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Operator Says Plutonium Found In Soil At Japan Nuclear Plant


A Japanese defense-forces handout from March 27 of the No. 4 reactor at Fukushima Daiichi Nuclear Power Plant in Tomioka, Fukushima Prefecture.

A Japanese defense-forces handout from March 27 of the No. 4 reactor at Fukushima Daiichi Nuclear Power Plant in Tomioka, Fukushima Prefecture.

The operator of the earthquake- and tsunami-stricken Fukushima Daiichi nuclear plant in Japan says plutonium has been detected in soil at five places at the plant but that the levels are not believed to pose a threat to human health.

The Tokyo Electric Power Company (TECPO) said the level of plutonium was similar to that detected in Japan after neighboring countries such as North Korea and China conducted nuclear experiments.

A massive earthquake and tsunami on March 11 knocked out the cooling systems for the six reactors of the facility, which has been leaking radiation into the atmosphere.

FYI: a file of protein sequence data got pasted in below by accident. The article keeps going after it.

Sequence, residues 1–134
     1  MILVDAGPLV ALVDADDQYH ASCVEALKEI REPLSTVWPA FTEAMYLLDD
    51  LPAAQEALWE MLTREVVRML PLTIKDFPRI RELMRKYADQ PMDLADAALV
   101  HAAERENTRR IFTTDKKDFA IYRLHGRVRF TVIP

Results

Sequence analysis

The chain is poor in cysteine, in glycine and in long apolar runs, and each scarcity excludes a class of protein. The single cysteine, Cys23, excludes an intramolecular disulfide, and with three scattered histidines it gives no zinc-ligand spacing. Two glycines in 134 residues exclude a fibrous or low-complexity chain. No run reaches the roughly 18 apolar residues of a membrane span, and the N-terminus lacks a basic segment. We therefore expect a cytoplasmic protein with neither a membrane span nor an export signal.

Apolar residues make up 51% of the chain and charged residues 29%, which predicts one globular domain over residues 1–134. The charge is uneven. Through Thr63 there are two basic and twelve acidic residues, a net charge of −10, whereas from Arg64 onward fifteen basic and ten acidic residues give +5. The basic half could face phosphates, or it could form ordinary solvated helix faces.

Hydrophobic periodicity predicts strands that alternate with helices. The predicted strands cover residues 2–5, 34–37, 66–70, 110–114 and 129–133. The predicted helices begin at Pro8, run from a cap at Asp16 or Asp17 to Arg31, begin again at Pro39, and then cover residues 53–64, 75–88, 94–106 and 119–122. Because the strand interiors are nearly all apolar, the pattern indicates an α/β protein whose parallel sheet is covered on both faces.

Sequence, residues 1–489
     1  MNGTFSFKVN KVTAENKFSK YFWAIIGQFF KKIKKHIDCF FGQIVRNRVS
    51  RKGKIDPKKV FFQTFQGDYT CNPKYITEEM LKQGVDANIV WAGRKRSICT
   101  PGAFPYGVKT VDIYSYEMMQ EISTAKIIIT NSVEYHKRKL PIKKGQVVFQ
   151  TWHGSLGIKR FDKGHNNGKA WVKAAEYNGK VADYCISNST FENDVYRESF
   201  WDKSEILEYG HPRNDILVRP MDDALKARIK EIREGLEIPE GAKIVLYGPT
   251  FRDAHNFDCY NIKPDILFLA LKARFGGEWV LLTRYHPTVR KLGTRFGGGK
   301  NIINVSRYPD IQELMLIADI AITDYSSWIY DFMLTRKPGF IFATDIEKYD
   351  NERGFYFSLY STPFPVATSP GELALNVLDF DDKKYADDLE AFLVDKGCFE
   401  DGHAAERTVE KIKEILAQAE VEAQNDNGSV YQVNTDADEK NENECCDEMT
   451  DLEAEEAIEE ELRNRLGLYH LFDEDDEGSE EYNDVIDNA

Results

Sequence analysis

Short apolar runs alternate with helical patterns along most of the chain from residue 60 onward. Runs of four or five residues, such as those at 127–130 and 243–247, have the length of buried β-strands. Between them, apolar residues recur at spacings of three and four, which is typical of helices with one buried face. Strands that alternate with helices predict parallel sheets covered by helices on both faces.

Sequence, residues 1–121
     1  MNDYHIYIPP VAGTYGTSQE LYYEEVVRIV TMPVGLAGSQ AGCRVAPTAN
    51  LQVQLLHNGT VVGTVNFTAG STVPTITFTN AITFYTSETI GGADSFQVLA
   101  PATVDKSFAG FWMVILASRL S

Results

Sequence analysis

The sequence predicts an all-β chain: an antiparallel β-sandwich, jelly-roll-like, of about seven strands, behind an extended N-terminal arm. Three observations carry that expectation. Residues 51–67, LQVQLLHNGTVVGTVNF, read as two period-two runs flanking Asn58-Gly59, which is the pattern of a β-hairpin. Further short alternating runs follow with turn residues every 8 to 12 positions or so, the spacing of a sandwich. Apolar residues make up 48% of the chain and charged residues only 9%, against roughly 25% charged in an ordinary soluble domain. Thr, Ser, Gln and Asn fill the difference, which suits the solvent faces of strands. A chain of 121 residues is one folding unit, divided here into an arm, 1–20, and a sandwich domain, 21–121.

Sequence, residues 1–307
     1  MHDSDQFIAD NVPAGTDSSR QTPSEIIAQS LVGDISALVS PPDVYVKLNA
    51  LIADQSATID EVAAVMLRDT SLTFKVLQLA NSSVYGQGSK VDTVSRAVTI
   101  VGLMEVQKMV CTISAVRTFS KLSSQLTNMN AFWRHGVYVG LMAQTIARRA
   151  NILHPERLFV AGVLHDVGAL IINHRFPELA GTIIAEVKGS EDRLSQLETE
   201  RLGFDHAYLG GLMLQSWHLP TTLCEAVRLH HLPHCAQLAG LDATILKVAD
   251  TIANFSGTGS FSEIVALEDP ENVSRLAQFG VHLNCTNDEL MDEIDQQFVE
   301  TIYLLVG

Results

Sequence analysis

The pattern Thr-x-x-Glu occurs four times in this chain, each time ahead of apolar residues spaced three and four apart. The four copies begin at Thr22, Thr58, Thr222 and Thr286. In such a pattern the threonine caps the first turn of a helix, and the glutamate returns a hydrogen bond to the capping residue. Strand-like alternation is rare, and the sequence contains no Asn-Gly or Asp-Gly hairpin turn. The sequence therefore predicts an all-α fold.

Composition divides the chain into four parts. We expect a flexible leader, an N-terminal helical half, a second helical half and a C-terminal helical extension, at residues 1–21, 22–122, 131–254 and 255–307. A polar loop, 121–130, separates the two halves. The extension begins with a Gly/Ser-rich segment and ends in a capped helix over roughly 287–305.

TECPO said earlier in the day that a large amount of highly radioactive water had escaped from the No. 2 reactor's turbine building into an underground tunnel and might leak into the north Pacific Ocean.

A 6.5-magnitude earthquake struck on March 28 off the coast of northeastern Japan -- the same area that was devastated by the earthquake and tsunami on March 11 -- but without major reports of damage.

The official death toll from the March 11 events is nearing 11,000, with more than 16,000 others still missing.

compiled from agency reports
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